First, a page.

|Friday, March 31, 2006||(Comment)|
The essential difference between patents and copyrights
Why are software vendors racing to protect their ideas with patents, in addition to the usual copyright? Because, while the independent development of the same code or similar code is not a breach of copyright, the independent reinvention of a patented idea is a breach of the patent.
This rule discourages innovation, because anyone who uses an independent idea must either risk being sued for breaching someone's patent, or devote enormous resources to searching the patent literature for any patents covering the idea — and still risk missing something.
It also rewards trivial contributions. If you invent something that someone else would have invented next week, you have advanced the state of the art by one week, and your reward should be proportionally modest! But patent law makes a week as good as a century.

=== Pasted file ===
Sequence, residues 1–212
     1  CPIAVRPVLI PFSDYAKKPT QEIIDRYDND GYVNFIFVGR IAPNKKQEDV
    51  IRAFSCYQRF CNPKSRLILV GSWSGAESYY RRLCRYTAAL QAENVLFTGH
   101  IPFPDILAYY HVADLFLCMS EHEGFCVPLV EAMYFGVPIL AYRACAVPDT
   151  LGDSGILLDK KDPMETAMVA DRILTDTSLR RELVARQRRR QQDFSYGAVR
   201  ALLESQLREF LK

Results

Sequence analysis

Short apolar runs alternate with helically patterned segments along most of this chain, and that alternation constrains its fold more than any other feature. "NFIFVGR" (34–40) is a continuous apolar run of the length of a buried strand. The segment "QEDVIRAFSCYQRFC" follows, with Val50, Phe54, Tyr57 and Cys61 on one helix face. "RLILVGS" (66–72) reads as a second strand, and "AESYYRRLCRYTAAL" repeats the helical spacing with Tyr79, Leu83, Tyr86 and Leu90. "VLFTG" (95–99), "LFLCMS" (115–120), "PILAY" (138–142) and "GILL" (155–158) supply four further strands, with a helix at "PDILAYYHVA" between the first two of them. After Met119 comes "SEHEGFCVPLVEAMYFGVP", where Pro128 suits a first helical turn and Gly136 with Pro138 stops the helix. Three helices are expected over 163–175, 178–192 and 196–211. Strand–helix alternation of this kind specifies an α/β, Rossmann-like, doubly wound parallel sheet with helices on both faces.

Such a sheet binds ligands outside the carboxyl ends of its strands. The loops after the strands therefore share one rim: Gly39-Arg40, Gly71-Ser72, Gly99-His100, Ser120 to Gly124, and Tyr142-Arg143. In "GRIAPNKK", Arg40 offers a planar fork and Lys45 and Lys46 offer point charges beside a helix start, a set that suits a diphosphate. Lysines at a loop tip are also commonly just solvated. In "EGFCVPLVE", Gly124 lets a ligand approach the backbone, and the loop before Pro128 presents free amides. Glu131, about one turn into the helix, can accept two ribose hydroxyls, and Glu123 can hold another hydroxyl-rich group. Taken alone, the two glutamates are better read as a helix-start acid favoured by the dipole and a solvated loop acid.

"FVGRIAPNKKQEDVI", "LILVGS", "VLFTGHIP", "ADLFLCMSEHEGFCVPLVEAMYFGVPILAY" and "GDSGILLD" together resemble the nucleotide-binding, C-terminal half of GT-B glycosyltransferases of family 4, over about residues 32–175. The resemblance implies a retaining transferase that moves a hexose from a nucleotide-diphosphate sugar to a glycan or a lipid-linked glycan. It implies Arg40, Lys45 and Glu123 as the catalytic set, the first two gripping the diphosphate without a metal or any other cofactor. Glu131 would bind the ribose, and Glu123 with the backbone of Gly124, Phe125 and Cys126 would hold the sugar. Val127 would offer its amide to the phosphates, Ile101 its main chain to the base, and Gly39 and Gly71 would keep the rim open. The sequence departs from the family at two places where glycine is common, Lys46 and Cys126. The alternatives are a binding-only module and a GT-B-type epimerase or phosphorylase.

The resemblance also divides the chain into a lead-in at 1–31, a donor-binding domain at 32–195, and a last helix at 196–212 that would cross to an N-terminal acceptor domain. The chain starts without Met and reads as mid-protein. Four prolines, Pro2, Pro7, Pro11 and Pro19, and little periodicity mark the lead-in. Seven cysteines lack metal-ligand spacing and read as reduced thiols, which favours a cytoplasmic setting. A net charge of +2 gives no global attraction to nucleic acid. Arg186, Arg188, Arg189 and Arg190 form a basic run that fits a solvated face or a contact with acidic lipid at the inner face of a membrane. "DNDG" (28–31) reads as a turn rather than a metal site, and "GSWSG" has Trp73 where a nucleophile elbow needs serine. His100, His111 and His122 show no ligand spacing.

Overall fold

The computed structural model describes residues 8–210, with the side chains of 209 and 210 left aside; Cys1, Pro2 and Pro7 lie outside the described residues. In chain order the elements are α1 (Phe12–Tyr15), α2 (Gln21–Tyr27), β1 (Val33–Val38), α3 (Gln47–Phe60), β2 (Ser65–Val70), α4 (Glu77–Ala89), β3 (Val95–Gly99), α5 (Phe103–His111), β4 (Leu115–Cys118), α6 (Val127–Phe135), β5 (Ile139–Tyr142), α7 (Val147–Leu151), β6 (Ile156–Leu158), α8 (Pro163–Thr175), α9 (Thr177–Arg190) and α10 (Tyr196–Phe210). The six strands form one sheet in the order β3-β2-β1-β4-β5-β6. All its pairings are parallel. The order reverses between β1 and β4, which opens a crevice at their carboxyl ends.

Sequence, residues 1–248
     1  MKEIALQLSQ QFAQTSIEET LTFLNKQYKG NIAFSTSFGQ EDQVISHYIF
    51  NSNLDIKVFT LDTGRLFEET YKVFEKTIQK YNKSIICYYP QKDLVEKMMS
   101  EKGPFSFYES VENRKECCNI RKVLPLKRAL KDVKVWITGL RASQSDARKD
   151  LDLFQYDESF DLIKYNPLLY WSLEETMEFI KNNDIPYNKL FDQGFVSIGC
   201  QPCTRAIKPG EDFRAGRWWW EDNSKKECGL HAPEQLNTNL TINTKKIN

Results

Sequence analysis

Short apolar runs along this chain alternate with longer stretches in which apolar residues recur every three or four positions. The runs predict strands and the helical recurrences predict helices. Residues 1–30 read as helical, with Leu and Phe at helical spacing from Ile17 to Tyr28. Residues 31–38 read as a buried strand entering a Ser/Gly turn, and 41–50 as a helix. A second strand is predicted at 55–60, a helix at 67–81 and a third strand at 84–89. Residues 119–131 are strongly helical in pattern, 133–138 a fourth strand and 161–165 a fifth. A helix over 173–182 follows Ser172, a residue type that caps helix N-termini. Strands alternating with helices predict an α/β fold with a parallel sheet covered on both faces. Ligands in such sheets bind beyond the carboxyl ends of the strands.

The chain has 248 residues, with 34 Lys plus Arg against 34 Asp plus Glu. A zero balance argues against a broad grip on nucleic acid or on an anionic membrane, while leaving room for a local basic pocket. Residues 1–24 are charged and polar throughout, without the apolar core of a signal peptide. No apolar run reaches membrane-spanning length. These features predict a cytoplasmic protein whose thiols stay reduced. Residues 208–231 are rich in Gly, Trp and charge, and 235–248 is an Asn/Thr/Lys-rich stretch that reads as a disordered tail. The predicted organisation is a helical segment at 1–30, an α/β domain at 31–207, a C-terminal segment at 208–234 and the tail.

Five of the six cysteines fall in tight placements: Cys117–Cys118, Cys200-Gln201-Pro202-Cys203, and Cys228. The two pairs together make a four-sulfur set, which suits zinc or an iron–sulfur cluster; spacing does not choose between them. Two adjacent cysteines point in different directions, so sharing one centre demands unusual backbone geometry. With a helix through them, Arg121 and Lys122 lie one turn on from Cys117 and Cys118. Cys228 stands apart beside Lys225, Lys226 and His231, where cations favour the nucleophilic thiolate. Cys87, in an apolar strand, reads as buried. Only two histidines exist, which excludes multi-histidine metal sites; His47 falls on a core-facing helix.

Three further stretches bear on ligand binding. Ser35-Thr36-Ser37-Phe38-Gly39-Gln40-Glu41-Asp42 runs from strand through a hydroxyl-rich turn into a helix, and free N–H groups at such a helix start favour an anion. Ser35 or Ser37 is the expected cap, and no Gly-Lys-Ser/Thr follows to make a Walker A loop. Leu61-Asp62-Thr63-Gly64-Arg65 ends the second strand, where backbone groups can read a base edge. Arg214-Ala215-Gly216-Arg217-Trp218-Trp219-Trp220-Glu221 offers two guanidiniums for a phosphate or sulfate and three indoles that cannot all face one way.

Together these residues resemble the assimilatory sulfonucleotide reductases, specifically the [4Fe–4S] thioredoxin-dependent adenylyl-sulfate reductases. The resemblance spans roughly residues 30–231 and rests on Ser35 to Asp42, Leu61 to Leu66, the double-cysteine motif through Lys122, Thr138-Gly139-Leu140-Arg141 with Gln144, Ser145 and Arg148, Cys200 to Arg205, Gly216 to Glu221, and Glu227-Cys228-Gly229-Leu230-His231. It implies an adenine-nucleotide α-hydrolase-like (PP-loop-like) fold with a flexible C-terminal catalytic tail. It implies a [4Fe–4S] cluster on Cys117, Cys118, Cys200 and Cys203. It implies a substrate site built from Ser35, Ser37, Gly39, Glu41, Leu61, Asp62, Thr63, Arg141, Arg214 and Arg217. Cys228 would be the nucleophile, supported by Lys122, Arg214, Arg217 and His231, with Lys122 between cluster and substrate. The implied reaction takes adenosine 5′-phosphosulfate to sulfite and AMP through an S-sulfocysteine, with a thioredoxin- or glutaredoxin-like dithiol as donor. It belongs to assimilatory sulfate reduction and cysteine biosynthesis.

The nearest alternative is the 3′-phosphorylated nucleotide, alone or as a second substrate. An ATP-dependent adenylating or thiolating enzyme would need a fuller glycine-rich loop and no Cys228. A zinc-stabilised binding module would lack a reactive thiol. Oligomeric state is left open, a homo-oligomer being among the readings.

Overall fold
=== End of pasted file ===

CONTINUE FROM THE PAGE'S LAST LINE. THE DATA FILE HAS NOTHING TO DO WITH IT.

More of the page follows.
Patentable inventions are supposed to be “non-obvious”, whatever that means. Why not let the test of non-obviousness be the lack of independent reinvention? Why not let independence be a question of fact to be decided by the evidence — just as it is with copyright?
Besides, defenders of patents like to draw an analogy with copyrights. Why not make the analogy valid?
[Letter rejected by PC Authority. Posted here Aug.18, 2012. See also “Make patents like copyrights”.]
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